For those snobs who got PARADE magazine with their Sunday papers—and discarded it—go to your Recycle Bin and dig it out! The cover story is titled, "Why We Believe He Is The Most Important Coach In America." Joe Ehrmann is The Man. He coaches at Gilman School in Baltimore. (He played pro ball—13 years as a defensive lineman—mostly for the Baltimore Colts.) Some of his rules ("To Be A Better Man"): "Recognize the 'three lies of false masculinity': Athletic ability, sexual conquest and economic success are not the best measurements of manhood." "Allow yourself to love and be loved: Build and value relationships." "Accept responsibility, lead courageously and enact justice on behalf of others: Practice the concepts of empathy, inclusion and integrity." And so on. And on. Incidentally, his team finished three of the last six seasons undefeated, and in 2002 was Maryland's No. 1 (and No. 14 in the nation). (Full disclosure: 45 years ago I played lacrosse against Gilman; and the BALTIMORE Colts were my favorite football team.)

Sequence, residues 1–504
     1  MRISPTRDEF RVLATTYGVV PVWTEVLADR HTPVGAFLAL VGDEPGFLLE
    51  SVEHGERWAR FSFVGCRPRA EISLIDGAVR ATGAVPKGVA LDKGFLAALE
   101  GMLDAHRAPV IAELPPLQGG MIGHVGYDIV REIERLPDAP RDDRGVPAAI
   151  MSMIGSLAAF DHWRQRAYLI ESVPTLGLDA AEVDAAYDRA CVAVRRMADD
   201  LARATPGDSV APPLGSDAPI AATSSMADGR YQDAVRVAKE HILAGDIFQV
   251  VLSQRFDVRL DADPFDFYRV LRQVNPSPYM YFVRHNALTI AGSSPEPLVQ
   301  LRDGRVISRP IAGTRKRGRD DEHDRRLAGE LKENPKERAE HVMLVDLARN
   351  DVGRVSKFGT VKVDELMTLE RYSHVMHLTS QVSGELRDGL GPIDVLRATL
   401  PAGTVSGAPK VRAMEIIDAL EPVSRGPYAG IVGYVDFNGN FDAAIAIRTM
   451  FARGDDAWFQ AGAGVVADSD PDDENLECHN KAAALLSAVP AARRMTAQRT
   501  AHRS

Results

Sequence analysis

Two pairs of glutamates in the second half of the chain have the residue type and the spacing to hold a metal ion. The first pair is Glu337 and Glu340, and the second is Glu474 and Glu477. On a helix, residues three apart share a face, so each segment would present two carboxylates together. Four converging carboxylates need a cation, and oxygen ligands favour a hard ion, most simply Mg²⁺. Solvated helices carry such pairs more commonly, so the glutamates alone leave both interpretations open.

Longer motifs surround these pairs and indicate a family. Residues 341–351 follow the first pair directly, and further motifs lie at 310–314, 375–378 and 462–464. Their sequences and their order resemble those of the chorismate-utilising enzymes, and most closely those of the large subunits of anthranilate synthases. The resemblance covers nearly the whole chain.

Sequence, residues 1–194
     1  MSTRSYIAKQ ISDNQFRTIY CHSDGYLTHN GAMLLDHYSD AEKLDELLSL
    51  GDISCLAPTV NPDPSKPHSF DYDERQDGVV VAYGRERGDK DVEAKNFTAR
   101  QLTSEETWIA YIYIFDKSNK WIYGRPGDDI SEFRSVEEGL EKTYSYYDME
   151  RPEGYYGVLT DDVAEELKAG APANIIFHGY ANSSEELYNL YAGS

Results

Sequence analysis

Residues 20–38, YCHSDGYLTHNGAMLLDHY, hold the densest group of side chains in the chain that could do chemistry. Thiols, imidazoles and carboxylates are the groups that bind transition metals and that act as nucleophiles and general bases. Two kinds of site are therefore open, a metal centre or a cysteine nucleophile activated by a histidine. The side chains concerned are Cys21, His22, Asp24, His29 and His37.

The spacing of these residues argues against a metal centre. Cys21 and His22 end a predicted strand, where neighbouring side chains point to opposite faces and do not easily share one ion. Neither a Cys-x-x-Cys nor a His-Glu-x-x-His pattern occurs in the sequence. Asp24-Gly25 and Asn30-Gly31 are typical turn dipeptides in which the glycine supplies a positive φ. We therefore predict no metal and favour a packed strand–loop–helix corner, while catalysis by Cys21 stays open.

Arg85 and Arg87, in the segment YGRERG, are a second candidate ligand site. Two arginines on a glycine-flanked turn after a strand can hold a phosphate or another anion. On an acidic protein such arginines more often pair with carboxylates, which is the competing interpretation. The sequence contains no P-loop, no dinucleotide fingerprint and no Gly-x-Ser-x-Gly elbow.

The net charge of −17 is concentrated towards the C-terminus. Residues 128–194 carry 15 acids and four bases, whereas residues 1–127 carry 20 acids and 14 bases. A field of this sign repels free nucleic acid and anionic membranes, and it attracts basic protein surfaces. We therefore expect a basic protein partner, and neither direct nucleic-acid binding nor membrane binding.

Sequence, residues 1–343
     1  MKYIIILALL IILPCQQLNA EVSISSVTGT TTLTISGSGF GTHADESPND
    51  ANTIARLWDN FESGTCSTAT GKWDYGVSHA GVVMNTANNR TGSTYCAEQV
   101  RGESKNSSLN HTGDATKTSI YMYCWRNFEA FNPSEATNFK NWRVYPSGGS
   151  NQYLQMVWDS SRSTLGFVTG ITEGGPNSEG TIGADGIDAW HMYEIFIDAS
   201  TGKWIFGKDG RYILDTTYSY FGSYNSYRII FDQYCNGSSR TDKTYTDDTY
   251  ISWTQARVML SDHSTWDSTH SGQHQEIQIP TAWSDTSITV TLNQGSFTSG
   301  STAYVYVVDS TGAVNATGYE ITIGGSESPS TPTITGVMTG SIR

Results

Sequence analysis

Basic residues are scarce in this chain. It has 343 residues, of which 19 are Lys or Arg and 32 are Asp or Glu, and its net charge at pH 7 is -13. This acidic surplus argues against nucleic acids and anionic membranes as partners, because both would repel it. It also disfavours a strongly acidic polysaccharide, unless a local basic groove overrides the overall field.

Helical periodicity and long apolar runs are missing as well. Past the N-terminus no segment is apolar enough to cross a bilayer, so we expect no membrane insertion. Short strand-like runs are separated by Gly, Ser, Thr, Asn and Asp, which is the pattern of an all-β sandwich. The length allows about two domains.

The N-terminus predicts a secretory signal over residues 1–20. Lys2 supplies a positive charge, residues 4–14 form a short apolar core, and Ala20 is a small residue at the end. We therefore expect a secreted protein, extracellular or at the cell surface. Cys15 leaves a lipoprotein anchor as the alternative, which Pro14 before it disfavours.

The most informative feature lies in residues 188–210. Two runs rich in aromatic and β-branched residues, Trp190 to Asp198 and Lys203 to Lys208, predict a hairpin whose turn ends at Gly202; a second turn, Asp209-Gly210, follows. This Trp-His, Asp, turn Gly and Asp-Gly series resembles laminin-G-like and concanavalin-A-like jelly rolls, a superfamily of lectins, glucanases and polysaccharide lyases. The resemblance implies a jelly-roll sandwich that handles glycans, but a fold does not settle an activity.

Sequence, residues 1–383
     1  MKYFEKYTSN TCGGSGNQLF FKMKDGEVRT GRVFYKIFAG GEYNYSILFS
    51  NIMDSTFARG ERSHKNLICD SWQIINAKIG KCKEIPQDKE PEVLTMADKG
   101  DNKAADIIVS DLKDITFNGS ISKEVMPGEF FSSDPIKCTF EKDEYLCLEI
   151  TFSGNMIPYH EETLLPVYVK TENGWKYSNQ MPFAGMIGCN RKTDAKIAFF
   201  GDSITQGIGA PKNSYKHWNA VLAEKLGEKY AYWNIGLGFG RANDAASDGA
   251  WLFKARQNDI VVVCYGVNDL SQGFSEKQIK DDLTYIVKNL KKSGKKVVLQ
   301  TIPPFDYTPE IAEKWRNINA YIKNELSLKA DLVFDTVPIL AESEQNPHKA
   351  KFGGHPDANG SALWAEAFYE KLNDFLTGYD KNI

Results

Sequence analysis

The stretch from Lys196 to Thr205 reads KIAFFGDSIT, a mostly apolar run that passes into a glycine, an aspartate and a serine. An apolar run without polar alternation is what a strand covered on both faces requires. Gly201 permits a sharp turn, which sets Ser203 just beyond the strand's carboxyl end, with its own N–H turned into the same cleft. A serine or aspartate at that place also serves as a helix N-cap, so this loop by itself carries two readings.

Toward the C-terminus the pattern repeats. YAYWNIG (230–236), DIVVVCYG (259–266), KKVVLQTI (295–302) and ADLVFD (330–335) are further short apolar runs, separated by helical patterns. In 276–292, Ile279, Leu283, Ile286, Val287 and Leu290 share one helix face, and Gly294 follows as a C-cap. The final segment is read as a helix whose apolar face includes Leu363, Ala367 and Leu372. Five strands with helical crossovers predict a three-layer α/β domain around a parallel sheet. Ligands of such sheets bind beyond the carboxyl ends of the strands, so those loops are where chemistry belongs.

Offering No. 2 comes courtesy the New York Times Book Review. Conservative Judge Richard Posner writes "The 9/11 Report: A Dissent." Read it! I have put off blogging the 9/11 report, because I had so much to say. Now Judge Posner has said it—better than I could have. Much of the debate over Recommendations swirls, as it should, over issues of centralization (of intelligence activities) versus decentralization. Posner points out the problem with centralized solutions aimed, essentially, at fixing yesterday's problem: "It is almost impossible to take effective action to prevent something that hasn't occurred previously." It's true in business when Dell or Wal*Mart offers an entirely new business model—and true in this chaotic (key word!) struggle against decentralized terrorist networks. As to the Commission, Posner is clear: "[The Commission] believes in centralizing intelligence, and people who prefer centralized, pyramidal governance structures to diversity and competition deprecate dissent." Read on! Please! Incidentally, you can fetch this, free for one week (you must register) at nytimes.com. (Also, see my blog immediately below, titled "Only One Big Issue.")
Before blogging became all the rage, Tom was posting book reviews and Observations (essentially early blog posts) to this site. You can find the archives below.
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